Optimizing Antiretroviral Therapy for HCV-Coinfected People
Antiretroviral therapy (ART) may delay liver disease progression in people coinfected with viral hepatitis by preserving immune function. Conversely, viral hepatitis coinfection complicates HIV treatment, because it increases the risk for treatment-associated hepatotoxicity (liver injury) and discontinuation of antiretroviral therapy.
Despite concerns about hepatotoxicity, the benefits of antiretroviral therapy clearly outweigh the risks for coinfected people. In fact, ART may be a life-saving intervention for some coinfected people, since serious HCV-related liver damage is most likely to occur in people with less than 200 CD4 cells. The majority of coinfected people do not experience serious antiretroviral-induced hepatotoxicity. Clearly, HIV treatment should not be withheld from people coinfected with viral hepatitis, although careful monitoring for signs and symptoms of hepatotoxicity is warranted.
What Is Hepatotoxicity?
Some medications can cause liver injury, ranging from mild to life threatening. Drug-induced liver injury may be asymptomatic, but it usually can be identified by laboratory tests. Injury to liver cells is indicated by abnormally high levels of two liver enzymes, alanine aminotransferase (ALT) and aspartate amino transferase (AST). Some drugs cause bile duct blockage, referred to as cholestatic injury, which is indicated by elevated gamma-glutamyl transferase and alkaline phosphatase levels. Although cholestatic injury usually resolves after discontinuing medication, in rare cases, liver failure may occur.
Antiretroviral-induced hepatotoxicity is characterized by elevated liver enzyme levels with or without the following additional symptoms of liver inflammation: jaundice, fatigue, loss of appetite, abdominal pain, nausea, vomiting, diarrhea, light-colored stools, and dark urine. In addition to these symptoms, rash may precede or accompany nevirapine-induced hepatotoxicity syndrome.
Hepatotoxicity often occurs within weeks of starting a new antiretroviral regimen or agent, but may also develop with continued drug exposure over a longer period of time. In many cases, providers can closely monitor and "treat through" hepatotoxicity. However, experts recommend that all medications be discontinued when liver enzyme levels reach ten times the upper limit of normal within the first four weeks of starting a new ART regimen. Continued use of a hepatotoxic drug or regimen may be life threatening.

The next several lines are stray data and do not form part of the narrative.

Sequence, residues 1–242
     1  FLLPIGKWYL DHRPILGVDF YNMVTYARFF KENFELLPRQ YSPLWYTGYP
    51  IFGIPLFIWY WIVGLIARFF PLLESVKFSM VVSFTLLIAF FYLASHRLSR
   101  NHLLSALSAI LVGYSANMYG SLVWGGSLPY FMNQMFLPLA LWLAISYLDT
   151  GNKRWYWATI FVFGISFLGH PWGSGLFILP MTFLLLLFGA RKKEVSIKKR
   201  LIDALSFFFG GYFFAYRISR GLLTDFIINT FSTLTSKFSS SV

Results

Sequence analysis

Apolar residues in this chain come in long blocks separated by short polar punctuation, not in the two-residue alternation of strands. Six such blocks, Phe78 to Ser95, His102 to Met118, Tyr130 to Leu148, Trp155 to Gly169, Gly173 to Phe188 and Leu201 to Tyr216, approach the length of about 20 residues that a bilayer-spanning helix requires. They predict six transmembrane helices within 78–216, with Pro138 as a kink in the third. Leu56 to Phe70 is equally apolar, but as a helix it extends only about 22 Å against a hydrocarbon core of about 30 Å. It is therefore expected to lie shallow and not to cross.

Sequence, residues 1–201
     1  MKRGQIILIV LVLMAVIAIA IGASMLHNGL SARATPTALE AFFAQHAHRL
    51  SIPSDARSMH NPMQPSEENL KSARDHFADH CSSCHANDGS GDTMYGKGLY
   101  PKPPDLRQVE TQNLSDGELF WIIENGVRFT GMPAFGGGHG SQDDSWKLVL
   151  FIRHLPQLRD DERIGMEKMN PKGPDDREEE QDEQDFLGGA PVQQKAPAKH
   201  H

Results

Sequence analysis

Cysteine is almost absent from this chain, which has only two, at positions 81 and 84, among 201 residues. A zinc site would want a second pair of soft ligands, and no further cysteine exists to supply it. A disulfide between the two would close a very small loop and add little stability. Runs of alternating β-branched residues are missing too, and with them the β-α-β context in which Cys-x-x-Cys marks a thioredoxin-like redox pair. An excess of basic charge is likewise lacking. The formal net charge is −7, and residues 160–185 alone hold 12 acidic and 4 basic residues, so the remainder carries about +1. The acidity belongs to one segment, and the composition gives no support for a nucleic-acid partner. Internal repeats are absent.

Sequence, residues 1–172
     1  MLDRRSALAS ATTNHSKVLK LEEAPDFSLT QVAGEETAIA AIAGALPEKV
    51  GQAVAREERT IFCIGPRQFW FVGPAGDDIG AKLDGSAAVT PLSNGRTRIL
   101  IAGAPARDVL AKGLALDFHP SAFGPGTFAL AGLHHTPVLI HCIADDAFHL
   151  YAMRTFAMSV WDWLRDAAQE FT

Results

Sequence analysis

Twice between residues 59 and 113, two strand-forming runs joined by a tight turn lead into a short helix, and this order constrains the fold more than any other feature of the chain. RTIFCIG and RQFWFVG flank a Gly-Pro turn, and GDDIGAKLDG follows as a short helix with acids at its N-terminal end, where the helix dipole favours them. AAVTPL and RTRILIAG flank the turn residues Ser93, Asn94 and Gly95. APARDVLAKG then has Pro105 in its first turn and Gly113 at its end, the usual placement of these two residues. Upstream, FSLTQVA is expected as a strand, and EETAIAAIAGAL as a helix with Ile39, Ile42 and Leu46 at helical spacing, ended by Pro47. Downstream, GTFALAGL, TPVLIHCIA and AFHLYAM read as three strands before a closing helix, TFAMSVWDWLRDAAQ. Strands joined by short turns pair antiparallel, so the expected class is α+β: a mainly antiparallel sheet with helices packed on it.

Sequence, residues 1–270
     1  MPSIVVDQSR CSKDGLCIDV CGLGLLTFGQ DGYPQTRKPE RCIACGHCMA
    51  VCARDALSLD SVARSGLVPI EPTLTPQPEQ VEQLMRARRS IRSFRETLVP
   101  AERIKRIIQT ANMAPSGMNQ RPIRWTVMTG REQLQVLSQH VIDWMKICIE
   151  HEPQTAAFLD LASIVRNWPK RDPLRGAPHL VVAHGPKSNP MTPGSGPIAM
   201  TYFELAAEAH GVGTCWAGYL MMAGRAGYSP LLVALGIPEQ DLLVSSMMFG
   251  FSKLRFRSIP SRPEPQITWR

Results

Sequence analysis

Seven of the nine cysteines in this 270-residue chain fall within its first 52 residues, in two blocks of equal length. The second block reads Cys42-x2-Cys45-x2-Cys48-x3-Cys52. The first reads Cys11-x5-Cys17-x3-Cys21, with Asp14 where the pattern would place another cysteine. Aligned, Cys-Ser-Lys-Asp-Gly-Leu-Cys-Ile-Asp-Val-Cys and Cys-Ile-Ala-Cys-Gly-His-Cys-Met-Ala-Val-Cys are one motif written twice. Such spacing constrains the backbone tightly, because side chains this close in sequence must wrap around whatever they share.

Several drugs from the three major classes of antiretroviral agents, NRTIs, NNRTIs, and PIs, have been associated with hepatotoxicity, and, in 2005, severe liver toxicity was responsible for Glaxo SmithKline stopping all clinical trials of its experimental CCR5 antagonist aplaviroc.
Mechanism of Hepatotoxicity
While coinfection with viral hepatitis significantly increases risk for antiretroviral-associated hepatotoxicity, several additional factors can also cause or contribute to liver toxicity. These can include alcohol use, direct toxicity of a specific drug, and interactions between ARV agents and medications used to treat a range of HIV-related comorbidities, namely opportunistic infections and psychiatric conditions. Genetic differences in drug metabolizing enzymes and related host factors may also affect an individual's risk for hepatotoxicity.
In coinfected people, ART-related immune restoration may result in flares of symptomatic hepatitis, and certain antiretroviral agents may exacerbate hepatic steatosis (the accumulation of fat in the liver), a condition associated with more serious liver damage in persons with hepatitis C.
The liver is involved in the metabolism of several antiretroviral agents, and serious liver damage may alter the liver's metabolic or excretory capacity. Yet the extent of liver damage can vary widely among coinfected individuals, ranging from mild fibrosis to serious liver scarring, known as cirrhosis. Coinfected people with more serious liver damage (defined as Metavir biopsy score of F3 or F4) are more likely to develop antiretroviral-associated hepatotoxicity than those with lower Metavir scores (F1 or F2) and less liver damage.1
For vulnerable persons with more advanced liver disease, metabolic alterations may lead to increased or decreased drug exposure, resulting in either the accumulation of toxic drug levels -- with accompanying increased risk for side effects and toxicity -- or a decline to subtherapeutic levels and an increased risk for developing drug resistance. Metabolic alterations may also increase the potential for drug-drug interactions.
Antiretroviral Drug Levels and Hepatotoxicity
Antiretroviral drug levels must be high enough for a drug to achieve its effect without causing toxicity; the range between a minimally effective dose and a toxic dose is known as the therapeutic window. Doses above the therapeutic window may aggravate side effects and increase toxicity, leading to discontinuation, or worse. It is reasonable to assume that some cases of hepatotoxicity result from chronic dosing above the therapeutic window. Furthermore, the different therapeutic window may vary in each individual depending on coadministered prescription drugs and genetic, immunologic, or environmental factors.
Pharmacokinetic (PK) studies assess what happens to a drug in the body: how it is absorbed, distributed, metabolized and eliminated. Pharmacodynamic (PD) studies evaluate drug activity, or what a drug does to the body. Data from both types of studies are needed to characterize the hepatic safety and proper dosing of antiretroviral agents in coinfected people. It is important that coinfected people are included and closely observed in Phase II and Phase III studies of new drugs so that longer-term data on hepatic safety and tolerability of antiretroviral agents may be collected.